Seen in this light, roof-top solar is to traditional electricity what mobile phones where to fixed line telephony.
“ Cheaper coal and cheaper gas will not derail the transformation and decarbonisation of the world’s power systems. By 2040, zero-emission energy sources will make up 60% of installed capacity.”
The Democratisation of Energy
Take the example of Mkopa -- a firm focusing on off-grid energy solutions in East Africa, which has a 350 000 customer base that is growing rapidly. They provide roof-top installed solar units in rural areas for less than a dollar a day. Daily energy requirements are purchased via cellphone, which the company also uses as a direct channel to maintain customer relationships. Here is a perfectly capitalist business that is driving both social inclusion and low-carbon energy outcomes. On the utility scale level, costs are also decreasing. A good example is the recent auction for the development of solar plants with the combined capacity of 100 megawatts (MW) in Zambia, which is supported by the Word Bank Group’s “Scaling Solar Initiative”. The result is an all-time African low of 6US¢/kilowatt hour (kWh) – circa 0.84 SA cents (currently the average residential consumer pays upwards of 120 cents/ kWh). Dubai wins hands down with the current rate of 3US¢/ kWh. This is an emerging technology that is set to disrupt traditional energy systems – and this is to say nothing of the potential impact of emerging battery and storage technology that will enable solar to provide reliable baseload power (refer to Prof Mark New’s article, Understanding the Forecast: African Climate Change); and electric vehicles that are set to change the transport landscape.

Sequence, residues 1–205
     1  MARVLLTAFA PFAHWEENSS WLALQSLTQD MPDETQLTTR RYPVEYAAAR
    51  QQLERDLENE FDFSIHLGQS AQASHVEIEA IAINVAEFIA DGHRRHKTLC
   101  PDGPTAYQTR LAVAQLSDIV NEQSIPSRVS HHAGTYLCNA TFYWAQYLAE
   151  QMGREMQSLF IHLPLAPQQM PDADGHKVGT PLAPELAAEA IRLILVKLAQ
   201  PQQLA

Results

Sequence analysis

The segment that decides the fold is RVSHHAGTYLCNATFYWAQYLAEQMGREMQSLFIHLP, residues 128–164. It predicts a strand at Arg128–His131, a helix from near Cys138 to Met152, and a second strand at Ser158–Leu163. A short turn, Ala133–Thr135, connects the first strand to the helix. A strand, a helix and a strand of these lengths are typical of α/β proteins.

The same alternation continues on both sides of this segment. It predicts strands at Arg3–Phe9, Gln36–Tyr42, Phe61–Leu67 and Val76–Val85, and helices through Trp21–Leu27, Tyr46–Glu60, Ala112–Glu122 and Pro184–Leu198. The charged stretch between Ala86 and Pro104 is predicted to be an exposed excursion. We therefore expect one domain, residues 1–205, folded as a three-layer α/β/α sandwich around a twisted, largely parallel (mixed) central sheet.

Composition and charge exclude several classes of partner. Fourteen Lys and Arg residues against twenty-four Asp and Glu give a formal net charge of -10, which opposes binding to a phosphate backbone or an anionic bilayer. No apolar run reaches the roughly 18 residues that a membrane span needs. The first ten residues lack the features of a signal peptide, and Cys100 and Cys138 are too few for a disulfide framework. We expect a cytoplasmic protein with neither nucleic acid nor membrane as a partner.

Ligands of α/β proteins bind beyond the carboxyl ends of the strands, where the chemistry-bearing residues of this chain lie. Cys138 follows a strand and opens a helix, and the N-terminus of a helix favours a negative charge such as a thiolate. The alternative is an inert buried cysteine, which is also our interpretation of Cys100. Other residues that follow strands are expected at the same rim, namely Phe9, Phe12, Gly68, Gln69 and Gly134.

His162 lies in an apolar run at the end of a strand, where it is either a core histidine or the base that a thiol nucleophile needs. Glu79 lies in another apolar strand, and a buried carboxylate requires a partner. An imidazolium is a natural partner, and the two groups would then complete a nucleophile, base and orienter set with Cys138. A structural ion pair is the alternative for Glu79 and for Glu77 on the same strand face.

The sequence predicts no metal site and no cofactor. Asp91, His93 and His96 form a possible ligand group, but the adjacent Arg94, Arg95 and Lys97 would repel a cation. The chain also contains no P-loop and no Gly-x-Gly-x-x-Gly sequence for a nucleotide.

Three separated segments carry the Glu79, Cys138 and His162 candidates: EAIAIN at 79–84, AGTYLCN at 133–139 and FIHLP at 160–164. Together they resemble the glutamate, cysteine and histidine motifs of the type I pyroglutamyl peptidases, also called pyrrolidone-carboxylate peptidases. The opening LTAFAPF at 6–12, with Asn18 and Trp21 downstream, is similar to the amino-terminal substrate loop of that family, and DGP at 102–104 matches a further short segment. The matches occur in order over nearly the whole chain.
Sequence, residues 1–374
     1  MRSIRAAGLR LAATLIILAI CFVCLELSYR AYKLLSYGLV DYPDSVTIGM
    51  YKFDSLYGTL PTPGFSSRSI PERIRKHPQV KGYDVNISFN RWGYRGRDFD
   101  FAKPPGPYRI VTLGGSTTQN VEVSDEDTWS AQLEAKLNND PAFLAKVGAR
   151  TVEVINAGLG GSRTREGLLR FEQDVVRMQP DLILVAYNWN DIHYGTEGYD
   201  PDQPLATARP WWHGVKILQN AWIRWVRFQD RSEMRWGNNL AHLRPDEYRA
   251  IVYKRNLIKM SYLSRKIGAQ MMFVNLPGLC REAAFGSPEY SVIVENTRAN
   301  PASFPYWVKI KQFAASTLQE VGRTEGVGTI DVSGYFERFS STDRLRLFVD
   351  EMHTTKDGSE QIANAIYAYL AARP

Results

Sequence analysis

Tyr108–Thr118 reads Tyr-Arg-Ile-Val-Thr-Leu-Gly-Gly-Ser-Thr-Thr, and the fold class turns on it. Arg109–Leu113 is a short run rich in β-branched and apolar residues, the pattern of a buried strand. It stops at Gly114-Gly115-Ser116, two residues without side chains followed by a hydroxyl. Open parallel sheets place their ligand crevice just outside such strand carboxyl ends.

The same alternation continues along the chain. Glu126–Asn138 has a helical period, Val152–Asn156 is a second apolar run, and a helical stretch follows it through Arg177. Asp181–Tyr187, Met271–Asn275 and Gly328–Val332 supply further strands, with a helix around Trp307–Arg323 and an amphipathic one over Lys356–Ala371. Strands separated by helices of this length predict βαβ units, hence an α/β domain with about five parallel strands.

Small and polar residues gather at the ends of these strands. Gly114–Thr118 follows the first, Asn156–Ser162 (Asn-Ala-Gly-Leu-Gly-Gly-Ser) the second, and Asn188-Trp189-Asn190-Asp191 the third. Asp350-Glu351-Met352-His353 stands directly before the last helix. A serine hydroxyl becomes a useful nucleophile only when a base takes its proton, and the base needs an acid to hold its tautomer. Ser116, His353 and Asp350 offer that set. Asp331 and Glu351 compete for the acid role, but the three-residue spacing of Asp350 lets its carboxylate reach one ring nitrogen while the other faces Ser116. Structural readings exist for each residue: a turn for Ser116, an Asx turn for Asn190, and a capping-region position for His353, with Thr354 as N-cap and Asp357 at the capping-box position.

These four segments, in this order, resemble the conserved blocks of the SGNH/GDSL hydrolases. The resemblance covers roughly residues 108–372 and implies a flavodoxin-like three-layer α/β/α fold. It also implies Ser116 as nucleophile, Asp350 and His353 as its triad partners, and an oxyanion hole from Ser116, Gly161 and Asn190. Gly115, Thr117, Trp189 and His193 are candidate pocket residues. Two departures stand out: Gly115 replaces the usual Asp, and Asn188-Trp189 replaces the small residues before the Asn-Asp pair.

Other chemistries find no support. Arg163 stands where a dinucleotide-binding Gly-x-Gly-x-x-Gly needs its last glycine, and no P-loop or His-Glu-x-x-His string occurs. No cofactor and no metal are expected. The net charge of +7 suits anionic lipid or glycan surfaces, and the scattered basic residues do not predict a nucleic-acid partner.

Mainstreaming the Left Field
Outside of these specific examples, one of the more interesting pieces of work being done around the green economy is by the FTSE, which has developed its own green economy taxonomy as means to witness the transition to such an economy. Being an index provider, they are interested in market taxonomies in order to construct various baskets of companies for investors to use as benchmarks. Traditionally, the main method for creating an index is the use of international securities identification numbers (ISIN) and the stock exchange daily official list (SEDOL) numbers used by issuers. These 'market number plates' contain within them the geography, sector and sub-sector details of each company, and were developed using the industrial classification system – which, of course, does not reflect the emergent green growth agenda. What this means is that, until now, it would not have been easily possible to select a basket of companies producing goods and services that are part of the green economy, since the existing taxonomy did not provide for it. The FTSE has remedied this situation, and their taxonomy for the green economy identifies 60 green economic sub sectors. The beauty of their approach is that they have tagged the green economy revenue lines within a company. This means that you can, for example, create a basket of emerging market companies that produce 40% or more of their revenue by participating in the green economy. To illustrate this, thanks to the FTSE’s new taxonomy, it is now possible to identify a Chinese coal company that actually derives 40% of its revenue from renewable energy . In essence, it yields a new understanding of investee company revenue streams.